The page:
Recent research has found that our jaws actually shrink with age. After taking plaster molds of the teeth of dental students every ten years for forty years, they found that every jaw mold showed that there was less and less room for the teeth.
This crowdedness comes from the jaws shrinking, primarily the lower jaw, both in length as well as width. The reduction is only in millimeters, but if you already have a tight fit with your teeth, those millimeters are crucial.
One researcher pointed out that wisdom teeth cannot be blamed for this because the subjects who had their wisdom teeth removed experienced relatively the same amount of shrinking.
How much a jaw shrinks depends on the person, but for some people–as suggested above–the changes can impact them enough to detect that something is different with their bite. One of the researchers noted that it is good to know that this is normal, so it is something all dentists can tell their patients if problems arise. It’s also something that dentists should take into consideration when planning major bite reconstruction with their patients.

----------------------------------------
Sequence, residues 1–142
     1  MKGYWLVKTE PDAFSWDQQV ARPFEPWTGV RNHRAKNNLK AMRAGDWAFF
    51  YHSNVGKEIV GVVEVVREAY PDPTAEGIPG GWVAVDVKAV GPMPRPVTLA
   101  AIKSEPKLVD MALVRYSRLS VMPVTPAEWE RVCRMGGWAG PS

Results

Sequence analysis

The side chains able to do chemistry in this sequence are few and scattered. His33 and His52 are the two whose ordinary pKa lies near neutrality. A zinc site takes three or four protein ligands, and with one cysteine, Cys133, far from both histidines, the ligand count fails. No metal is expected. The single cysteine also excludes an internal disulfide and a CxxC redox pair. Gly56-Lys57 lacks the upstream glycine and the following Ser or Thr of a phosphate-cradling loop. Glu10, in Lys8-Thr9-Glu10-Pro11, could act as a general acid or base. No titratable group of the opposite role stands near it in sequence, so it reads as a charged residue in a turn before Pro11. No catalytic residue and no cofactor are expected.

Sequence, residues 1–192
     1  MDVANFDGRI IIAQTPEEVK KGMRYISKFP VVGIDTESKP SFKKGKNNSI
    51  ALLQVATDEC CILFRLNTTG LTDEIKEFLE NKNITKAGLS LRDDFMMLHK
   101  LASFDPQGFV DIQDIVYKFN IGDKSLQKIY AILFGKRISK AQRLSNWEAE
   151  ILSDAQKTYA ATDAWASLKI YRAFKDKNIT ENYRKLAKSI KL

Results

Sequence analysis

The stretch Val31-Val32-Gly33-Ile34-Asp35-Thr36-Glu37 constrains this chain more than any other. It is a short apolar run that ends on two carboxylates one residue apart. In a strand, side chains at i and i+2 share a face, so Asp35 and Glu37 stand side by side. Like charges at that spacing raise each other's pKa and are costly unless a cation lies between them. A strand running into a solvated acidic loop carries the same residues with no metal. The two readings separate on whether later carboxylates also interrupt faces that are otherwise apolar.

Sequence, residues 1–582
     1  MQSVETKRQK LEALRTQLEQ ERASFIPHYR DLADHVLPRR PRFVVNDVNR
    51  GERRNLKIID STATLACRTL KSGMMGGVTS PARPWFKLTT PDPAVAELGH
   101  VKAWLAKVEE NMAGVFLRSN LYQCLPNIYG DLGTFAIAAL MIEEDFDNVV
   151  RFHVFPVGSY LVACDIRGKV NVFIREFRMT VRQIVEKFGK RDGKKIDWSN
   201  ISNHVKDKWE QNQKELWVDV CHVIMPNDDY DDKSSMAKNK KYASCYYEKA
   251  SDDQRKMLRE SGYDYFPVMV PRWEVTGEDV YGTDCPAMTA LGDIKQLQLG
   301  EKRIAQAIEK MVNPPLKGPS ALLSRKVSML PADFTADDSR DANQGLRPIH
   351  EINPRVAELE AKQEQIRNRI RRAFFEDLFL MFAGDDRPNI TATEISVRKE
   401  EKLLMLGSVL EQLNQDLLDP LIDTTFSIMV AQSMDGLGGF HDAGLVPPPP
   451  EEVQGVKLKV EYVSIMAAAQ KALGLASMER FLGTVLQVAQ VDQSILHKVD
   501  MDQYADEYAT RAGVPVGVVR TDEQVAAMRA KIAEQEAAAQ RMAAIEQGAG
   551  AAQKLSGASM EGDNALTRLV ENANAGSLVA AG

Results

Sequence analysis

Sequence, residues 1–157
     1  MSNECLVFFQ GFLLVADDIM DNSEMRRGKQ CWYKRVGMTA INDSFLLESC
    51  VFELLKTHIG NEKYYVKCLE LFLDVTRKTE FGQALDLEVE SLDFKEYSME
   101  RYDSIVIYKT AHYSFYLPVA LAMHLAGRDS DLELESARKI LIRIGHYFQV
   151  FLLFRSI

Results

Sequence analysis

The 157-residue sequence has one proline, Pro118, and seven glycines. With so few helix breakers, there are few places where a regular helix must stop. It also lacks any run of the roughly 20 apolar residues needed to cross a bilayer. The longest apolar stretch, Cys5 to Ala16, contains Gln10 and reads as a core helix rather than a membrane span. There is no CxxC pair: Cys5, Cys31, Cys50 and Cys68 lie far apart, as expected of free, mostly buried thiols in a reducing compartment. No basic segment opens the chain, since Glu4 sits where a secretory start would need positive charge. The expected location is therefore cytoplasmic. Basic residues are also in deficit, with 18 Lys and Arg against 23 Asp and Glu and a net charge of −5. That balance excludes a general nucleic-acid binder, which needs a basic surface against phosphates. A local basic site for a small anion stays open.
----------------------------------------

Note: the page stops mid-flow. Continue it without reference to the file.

Now, this study hasn’t found a reason as to why the jaw shrinks, although the researchers believe that the change is most likely caused by both genetic and anatomical factors, such as the shape of one’s bite.
Still…it makes for great trivia.